Unemployment rates are up among working artists and the artist workforce has contracted, according to new research from the National Endowment for the Arts
. Artists in a Year of Recession: Impact on Jobs in 2008 examines how the economic slowdown has affected the nation’s working artists. The study looks at artist employment patterns during two spikes in the current recession – the fourth quarters of 2007 and 2008. This downturn reflects larger economic declines: a Commerce Department report last week noted a 6.2 percent decrease in the gross domestic product in the last quarter of 2008.
Among the findings:
Unemployment rates for artists have risen more rapidly than for U.S. workers as a whole. The unemployment rate for artists climbed 2.4 percentage points between the fourth quarters of 2007 and 2008, compared to a one-point increase for professional workers as a whole, and a 1.9 point increase for the overall workforce.
Artist unemployment rates would be even higher if not for the large number of artists leaving the workforce. The U.S. labor force grew by 800,000 people from the fourth quarter of 2007 to the fourth quarter of 2008. In contrast, the artist workforce shrank by 74,000 workers. Some of this decline may be attributed to artists’ discouragement over job prospects.
Unemployment rose for most types of artist occupations. Artist jobs with higher unemployment rates are performing artists (8.4 percent), fine artists, art directors, and animators (7.1 percent), writers and authors (6.6 percent), and photographers (6.0 percent).
The job market for artists is unlikely to improve until long after the U.S. economy starts to recover. Unemployment is generally a lagging economic indicator, or a measure of how an economy has performed in the past few months. During the prior recession (2001), artist unemployment did not reach its peak of 6.1 percent until 2003 – two years after economic recovery began nationwide.
As an example of how arts jobs intersect with the larger economy, consider the construction industry. Industry-wide declines, which began in 2006, have contributed to the shrinking job market for architects. While this group usually has the lowest unemployment rates among all artist occupations and all professionals, architect unemployment rates doubled, from 1.8 percent in fourth quarter 2007, to 3.8 percent in the fourth quarter of 2008. Unemployment in the designer category also doubled, from 2.3 percent to 4.7 percent. This broad category includes interior, commercial, and industrial designers, whose work is closely associated with the construction industry. Eighty-three thousand designers left the artist labor market during that time period.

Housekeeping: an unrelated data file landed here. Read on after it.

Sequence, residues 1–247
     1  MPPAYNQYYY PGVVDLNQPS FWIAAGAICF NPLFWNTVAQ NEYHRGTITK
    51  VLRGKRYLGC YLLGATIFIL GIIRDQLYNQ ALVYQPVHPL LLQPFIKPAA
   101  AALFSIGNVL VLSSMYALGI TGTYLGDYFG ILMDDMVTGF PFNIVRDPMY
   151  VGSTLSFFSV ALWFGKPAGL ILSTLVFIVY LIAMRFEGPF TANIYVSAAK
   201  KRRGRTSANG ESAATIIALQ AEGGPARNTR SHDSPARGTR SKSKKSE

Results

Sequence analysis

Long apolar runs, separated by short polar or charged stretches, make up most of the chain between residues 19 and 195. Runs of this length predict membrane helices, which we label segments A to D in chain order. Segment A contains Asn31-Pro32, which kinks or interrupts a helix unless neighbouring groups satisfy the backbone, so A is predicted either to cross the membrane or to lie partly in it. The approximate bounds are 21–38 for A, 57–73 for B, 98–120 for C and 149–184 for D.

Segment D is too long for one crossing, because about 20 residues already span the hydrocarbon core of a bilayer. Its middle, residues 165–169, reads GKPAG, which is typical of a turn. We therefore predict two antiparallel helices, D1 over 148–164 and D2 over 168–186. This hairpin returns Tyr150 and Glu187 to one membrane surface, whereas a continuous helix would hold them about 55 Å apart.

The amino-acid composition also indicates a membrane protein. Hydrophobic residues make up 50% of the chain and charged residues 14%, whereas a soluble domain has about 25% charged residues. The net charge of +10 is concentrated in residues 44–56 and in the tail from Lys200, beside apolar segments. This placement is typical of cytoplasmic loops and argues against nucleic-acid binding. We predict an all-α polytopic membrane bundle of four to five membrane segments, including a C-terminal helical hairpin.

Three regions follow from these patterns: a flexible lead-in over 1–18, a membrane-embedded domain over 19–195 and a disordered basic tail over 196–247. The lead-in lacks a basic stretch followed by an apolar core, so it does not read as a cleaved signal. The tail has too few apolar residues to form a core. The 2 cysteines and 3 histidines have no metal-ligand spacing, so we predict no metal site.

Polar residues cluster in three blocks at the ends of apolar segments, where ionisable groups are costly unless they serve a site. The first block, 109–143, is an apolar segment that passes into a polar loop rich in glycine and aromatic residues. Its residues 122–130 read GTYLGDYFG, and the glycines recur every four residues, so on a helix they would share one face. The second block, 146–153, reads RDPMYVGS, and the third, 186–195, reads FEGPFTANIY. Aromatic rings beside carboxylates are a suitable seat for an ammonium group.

"We conducted the research to quantify what we hear in the field and read in the news every day, that art workers -- alongside all workers -- are suffering," said NEA Director of Research & Analysis Sunil Iyengar. "Unfortunately, the data reveal that artist unemployment is increasing at more rapid rates than for the total workforce, and could have more of an effect over time."
The contraction of the arts workforce has implications for the overall economy. A May 2008 NEA study revealed there are two million full-time artists representing 1.4 percent of the U.S. labor force, only slightly smaller than the number of active-duty and reserve personnel in the military (2.2 million). More recently, a National Governors Association report recognized that the arts directly benefit states and communities through job creation, tax revenues, attracting investments, invigorating local economies, and enhancing quality of life. There are 100,000 nonprofit arts organizations that support 5.7 million jobs and return nearly $30 billion in government revenue every year, according to a study by Americans for the Arts.
The NEA Office of Research & Analysis produced Artists in a Year of Recession: Impact on Jobs in 2008 using published and unpublished data from the Department of Labor’s Bureau of Labor Statistics. The research note measures unemployment rates among workers who self-reported an artist job as occupying their greatest number of working hours per week, whether the employment was full-time or part-time.